Do ask about your neighbors. I tend to like living on the first floor because it makes moving easier (couches, RPTVs, etc), but some people have issues with the noise from above. Try to visit on a weekend afternoon or after work, when people will be home and active as opposed to during the workday. Remember, if you can hear them, they can hear you. Not only is there the chance that you'll get annoyed, but there's also the chance that they'll get annoyed (I'm assuming that you like to listen to movies at very loud levels - and subwoofer vibrations travel throughout most buildings). I never minded it though, and just had to be careful about watching movies too loudly late at night during the week.

    Also beware of proximity to railroad tracks, highways or major roadways with a lot of truck volume. Those things can be extremly loud...

    Forget the bells and whistle and concentrate on the basic necessities as you see fit. When I look for a place, I require good space, safety, air conditioning, washer/dryer in unit, and easy parking or access to the subway. Everything else is gravy and I'll think twice about paying for it.

    I found that I value proximity to the supermarket, convenience stores, and shopping more than any on-site fitness center or concierge. I can't stress this enough. Make sure the place feels comfortable to you as you'll be spending most of your time in the apartment. An prestigious address will not keep you cool in the summer, wash your clothes for you, or ensure that you'll be happy in your space.

    Financially, you'll be looking at security deposit (usually equal to one month's rent), pro-rated rent, furniture, and other incidentals upon move. For a $700 place, I'd assume that you'd need $1,400 in cash for refundable security and first months rent, and incidentals as necessary (I'd budget at least $300-$400 for housewares, etc, plus the cost of furniture, truck rental, etc.). For my first place, I ended up needing about $2,500 in cash for all of the one-time expenses, furniture, and charges (Considering your first sentence, you will not want to charge things). If you use a broker, plan on another $1,000 on top of that (one-time charge).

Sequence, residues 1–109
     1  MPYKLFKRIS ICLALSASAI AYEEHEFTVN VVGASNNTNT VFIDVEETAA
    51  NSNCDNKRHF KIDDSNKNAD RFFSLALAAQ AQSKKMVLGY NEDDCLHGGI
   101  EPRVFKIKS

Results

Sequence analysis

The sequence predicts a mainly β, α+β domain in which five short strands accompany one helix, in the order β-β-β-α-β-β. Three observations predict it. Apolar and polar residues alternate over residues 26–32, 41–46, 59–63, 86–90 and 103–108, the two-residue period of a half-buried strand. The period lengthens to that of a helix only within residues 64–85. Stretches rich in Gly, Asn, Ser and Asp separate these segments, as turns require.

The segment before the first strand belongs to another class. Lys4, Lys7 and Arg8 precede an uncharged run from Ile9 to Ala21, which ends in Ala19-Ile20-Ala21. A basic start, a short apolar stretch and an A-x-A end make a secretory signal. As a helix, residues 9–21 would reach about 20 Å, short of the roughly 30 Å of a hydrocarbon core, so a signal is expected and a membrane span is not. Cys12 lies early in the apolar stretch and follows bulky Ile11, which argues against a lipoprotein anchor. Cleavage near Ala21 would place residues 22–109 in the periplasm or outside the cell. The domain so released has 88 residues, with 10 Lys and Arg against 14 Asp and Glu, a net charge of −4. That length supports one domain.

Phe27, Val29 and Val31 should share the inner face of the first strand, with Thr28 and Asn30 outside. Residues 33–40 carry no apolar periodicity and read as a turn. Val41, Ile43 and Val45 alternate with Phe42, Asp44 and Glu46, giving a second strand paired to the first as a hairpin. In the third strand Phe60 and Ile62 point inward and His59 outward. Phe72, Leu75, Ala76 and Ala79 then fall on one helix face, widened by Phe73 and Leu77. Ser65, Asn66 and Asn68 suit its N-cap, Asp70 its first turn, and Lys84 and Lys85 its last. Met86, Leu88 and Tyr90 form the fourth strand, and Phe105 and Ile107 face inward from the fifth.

Finally, if you have an extensive HT set-up, invest in renter's insurance. It's usually only about $100 a month.

    Congrats and best of luck!
     
  3. Don Black

    Don Black Screenwriter

    Joined:
    Dec 11, 1998
    Messages:
    1,480
    Likes Received:
    0
    $100/month? That seems a little high unless your limits are $100+k.
     
  4. Eric_L

    Eric_L Screenwriter

    Joined:
    Nov 2, 2002
    Messages:
    1,994
    Likes Received:
    1
  5. Brian Harnish

    Brian Harnish Screenwriter

    Joined:
    Dec 15, 2000
    Messages:
    1,216
    Likes Received:
    0
    Thanks for the advice!! Eric- Yes, of course, that's one of my priorities: to find an HT-friendly apartment. I can't live without my DTS and Dolby Digital, baby! [​IMG]

    I just accepted an offer for a new job (whoo-hoo!!) so I'll at least be able to move out within the next few months after saving up for my deposit. Yup. Life is good. [​IMG]
     
  6. Gary Seven

    Gary Seven Grand Poo Pah

    Joined:
    Aug 15, 2003
    Messages:
    1,629
    Likes Received:
    170
    Location:
    Lake Worth, Florida
    Real Name:
    Gaston
    I live in a house now but when I did rent, to ensure HT friendliness, I'd jump up and down on the floor and pound on walls for solidity. If any failed this test... next!
     
  7. SethH

    SethH Cinematographer

    Joined:
    Dec 17, 2003
    Messages:
    2,867
    Likes Received:
    0
    If you like to crank your subwoofer you should really try to live on the first floor out of respect for your neighbors. While the sound waves will still travel upstairs it is less likely to shake their entire apartment as it would if you were above them.
     
  8. David-S

    David-S Second Unit

    Joined:
    Mar 18, 2001
    Messages:
    267
    Likes Received:
    0
    www.apartments.com
    www.apartmentguide.com

    Check to see how well the appliances are maintained... if you get a chance to talk to a tenant, ask how quickly maintenance comes when they have a problem...

    Check for pet issues

    Agree on the ground floor for HT issue... Also, it would be good if you can have the HT in a non-adjoining room (or at least wall) so it's not sharing a wall with your neighbors...

    Try and make it to the apts when people will be home (nights, weekends) so you get an idea of who lives there, when everyone isn't gone at work...

    Check baseboards of the apt for water damage (can be more important on ground floor)
     

Share This Page